Ecommerce expert vs agency: Where should you turn for success?

Beyond the challenges of product management and fulfillment, merchants are faced with unprecedented opportunities for reaching new shoppers and re-selling to existing customers. Social media, multiple selling channels, and increasing flexibility in online pay-per-click advertising all contribute to a powerful, but immensely convoluted landscape.

Emerging merchants are, understandably, often overwhelmed. Many are frustrated by less than optimal results and missed opportunities.

Most mid-market merchants experience disappointing returns for one or more of the following reasons:

  • Lack of expertise. It is unusual for most merchants outside of the top 1,000 to have both deep and broad in-house capabilities to both functionally and creatively address the many e-commerce disciplines required. Even the most senior ecommerce executive will confess they “don’t know everything.” Merchants relatively new to online commerce also find it difficult — almost impossible — to assess the kinds of expertise and experience needed in order to even hire the right in-house team.

  • Absence of analytics. Great e-commerce is driven by numbers. Ecommerce provides merchants with information on customer behaviors far beyond the level of data available in a traditional brick-and-mortar environment. Yet, the intelligent analysis of the data is many times outside the native expertise of most merchants. In fact, the biggest missed opportunity for online sellers is the strategic use of data to drive everything from website design to shipping policies.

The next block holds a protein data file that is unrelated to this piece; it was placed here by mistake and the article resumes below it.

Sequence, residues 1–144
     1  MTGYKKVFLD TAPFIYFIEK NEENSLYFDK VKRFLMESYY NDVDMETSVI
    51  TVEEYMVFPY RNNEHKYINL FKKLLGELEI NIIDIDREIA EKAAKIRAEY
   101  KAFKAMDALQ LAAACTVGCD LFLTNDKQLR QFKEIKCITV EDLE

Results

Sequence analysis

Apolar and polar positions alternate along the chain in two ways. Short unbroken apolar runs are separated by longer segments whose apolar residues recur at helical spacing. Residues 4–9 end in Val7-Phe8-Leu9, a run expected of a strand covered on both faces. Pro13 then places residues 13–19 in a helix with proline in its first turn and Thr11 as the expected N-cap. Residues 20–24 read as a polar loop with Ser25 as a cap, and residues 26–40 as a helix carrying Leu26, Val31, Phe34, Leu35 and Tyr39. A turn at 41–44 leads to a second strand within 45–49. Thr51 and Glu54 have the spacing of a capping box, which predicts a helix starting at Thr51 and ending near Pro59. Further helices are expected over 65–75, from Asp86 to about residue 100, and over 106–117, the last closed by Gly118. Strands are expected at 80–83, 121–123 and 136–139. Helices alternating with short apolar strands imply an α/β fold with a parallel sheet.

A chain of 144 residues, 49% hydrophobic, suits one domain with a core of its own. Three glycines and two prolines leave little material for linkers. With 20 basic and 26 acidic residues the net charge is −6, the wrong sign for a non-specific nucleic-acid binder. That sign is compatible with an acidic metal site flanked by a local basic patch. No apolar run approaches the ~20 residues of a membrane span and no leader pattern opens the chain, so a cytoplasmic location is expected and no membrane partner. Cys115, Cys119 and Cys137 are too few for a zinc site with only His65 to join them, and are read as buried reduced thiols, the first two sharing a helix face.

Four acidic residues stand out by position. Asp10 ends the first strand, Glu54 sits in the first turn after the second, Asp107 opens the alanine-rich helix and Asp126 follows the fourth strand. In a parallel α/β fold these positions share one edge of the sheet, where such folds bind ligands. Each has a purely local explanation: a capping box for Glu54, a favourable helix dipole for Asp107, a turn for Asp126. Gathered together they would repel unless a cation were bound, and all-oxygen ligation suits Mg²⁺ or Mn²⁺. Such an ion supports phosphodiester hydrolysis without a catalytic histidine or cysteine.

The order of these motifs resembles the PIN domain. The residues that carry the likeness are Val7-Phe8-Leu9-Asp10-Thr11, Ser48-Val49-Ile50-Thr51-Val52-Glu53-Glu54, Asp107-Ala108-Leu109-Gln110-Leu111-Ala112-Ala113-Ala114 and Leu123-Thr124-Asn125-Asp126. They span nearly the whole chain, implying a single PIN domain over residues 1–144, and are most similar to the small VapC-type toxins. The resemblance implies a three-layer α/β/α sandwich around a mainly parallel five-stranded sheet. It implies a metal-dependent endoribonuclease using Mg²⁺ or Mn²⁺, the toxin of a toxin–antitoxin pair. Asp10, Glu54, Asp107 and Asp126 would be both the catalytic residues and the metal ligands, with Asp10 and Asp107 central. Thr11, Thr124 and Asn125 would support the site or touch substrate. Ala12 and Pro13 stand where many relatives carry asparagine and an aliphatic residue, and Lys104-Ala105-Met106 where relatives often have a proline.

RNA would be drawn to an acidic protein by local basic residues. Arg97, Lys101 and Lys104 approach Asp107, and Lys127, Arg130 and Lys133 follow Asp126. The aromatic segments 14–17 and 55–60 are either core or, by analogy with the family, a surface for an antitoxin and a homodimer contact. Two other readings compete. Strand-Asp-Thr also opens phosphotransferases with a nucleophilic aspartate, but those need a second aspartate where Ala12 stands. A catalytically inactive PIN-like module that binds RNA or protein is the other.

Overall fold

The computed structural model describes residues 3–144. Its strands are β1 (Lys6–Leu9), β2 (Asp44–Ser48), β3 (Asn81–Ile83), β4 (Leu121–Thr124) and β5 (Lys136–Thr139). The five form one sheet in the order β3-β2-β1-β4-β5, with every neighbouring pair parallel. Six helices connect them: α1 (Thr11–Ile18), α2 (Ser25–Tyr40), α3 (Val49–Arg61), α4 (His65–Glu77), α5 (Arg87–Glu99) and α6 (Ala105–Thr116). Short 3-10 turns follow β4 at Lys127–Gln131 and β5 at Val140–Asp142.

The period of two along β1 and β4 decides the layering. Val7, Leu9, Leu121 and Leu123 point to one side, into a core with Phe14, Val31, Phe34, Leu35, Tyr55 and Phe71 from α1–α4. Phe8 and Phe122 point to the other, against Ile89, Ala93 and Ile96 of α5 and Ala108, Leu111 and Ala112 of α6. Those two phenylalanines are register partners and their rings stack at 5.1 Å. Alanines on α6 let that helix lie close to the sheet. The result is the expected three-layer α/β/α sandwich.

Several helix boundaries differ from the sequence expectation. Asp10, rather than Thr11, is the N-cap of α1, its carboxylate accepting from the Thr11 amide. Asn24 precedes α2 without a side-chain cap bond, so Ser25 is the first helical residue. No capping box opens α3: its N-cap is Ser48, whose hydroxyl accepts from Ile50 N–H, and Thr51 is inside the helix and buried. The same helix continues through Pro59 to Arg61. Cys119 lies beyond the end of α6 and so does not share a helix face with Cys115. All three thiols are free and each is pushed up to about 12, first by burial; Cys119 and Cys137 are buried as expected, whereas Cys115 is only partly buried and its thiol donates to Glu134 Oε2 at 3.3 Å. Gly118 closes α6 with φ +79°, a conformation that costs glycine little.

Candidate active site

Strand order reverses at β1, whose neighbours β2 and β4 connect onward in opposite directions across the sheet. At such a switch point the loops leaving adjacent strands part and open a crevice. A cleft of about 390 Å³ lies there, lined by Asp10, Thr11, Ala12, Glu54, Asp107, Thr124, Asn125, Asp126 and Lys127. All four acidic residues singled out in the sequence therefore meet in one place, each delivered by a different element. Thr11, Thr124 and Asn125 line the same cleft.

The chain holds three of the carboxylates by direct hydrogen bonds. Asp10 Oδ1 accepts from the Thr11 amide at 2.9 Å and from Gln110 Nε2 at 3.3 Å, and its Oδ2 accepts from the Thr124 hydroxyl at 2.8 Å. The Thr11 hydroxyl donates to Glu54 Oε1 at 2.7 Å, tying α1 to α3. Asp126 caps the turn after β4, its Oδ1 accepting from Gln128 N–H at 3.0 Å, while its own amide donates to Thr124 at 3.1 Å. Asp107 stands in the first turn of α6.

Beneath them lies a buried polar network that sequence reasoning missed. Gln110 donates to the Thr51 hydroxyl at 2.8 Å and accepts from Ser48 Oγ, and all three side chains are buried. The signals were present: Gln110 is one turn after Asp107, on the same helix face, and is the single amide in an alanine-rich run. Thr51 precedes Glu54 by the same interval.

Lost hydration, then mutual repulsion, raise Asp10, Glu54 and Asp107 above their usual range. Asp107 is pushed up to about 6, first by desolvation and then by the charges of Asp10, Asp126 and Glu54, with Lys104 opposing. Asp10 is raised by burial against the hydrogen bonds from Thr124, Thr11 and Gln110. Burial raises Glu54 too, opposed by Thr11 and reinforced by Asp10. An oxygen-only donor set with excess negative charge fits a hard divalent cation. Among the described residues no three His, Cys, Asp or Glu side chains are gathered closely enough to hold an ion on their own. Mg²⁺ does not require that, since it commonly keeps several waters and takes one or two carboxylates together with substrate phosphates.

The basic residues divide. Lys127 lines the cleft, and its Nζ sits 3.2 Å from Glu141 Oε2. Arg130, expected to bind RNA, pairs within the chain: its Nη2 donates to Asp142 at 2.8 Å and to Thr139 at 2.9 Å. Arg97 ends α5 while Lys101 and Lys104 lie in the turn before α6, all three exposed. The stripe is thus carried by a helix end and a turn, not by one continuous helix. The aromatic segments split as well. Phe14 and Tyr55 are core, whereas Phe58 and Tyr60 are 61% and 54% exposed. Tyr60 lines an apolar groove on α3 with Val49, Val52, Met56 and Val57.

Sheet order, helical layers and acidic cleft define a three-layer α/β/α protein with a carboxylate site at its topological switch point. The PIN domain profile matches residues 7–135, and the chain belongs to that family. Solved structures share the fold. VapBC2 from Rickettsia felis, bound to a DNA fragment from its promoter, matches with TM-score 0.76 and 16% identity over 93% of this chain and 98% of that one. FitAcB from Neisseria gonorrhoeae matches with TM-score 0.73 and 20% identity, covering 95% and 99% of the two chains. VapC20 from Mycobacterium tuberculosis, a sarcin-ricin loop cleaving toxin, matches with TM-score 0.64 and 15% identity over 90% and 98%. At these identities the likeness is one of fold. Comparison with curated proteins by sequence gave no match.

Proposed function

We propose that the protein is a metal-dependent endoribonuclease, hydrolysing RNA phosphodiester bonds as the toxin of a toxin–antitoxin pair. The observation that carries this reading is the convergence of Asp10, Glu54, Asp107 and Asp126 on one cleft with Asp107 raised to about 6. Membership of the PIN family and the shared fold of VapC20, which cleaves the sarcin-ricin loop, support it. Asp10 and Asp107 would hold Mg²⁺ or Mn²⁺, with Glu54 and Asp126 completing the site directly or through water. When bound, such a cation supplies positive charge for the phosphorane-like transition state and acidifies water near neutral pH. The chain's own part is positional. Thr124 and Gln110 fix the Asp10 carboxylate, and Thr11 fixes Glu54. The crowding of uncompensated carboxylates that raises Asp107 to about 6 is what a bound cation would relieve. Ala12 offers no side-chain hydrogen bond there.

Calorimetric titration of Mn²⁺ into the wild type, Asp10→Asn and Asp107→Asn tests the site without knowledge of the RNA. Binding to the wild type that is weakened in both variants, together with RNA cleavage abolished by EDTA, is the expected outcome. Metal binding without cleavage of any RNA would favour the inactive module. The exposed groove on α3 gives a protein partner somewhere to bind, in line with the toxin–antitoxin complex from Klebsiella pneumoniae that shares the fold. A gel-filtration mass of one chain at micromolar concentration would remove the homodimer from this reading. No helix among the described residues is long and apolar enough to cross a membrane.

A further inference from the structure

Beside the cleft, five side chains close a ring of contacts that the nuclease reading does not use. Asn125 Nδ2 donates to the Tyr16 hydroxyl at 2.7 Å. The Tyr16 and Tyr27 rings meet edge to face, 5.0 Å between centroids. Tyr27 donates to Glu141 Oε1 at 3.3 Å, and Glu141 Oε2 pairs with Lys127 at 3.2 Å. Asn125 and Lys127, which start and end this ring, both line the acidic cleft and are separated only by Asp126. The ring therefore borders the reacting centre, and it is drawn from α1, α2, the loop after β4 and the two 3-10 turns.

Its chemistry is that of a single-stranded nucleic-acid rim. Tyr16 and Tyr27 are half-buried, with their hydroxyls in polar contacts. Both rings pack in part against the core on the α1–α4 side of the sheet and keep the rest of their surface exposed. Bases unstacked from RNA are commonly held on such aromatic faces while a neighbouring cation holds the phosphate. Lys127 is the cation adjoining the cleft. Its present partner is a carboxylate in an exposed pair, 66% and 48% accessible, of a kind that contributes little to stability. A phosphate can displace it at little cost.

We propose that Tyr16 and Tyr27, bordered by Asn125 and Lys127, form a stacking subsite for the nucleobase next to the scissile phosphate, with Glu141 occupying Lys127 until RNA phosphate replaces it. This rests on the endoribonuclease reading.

• Failure to be a customer. Merchants cannot assume that online customers are anything like them, or like their brick-and-mortar shoppers. It is a difficult exercise, but using a combination of metrics, research, and creative experience, successful merchants carefully identify their best online customers and construct processes to maximize opportunities with online consumers.

  • No ecommerce business plan. Building, managing and marketing an online shop is not merely an extension of a merchant’s traditional retailing or wholesaling business. Selling online should be considered a new business. Today’s e-commerce has moved far beyond being simply another marketing channel. To succeed, merchants need to create one or two-year business plans complete with budgets, goals, KPIs and operational requirements. With e-commerce’s rapid growth, serious businesses need to begin with proper planning.

With so much at stake, merchants have to assess whether and when they need outside help. The decision to call in one or more specific experts or turn to an agency begins with introspection.

Begin with an assessment

Before we get to the question of agency or expert, merchants should outline their goals and objectives for what they want to accomplish online. This is not a complete business plan, but it does serve as the high-level strategic goals.

Next, do a candid assessment of internal resources. Do you have the in-house expertise to create and execute a detailed plan for success? Are you willing to trust and support those experts on your team who have the experience to create a productive online effort?

Once you have this basic assessment, you can then begin determining what external resources you need.

Start with an expert plan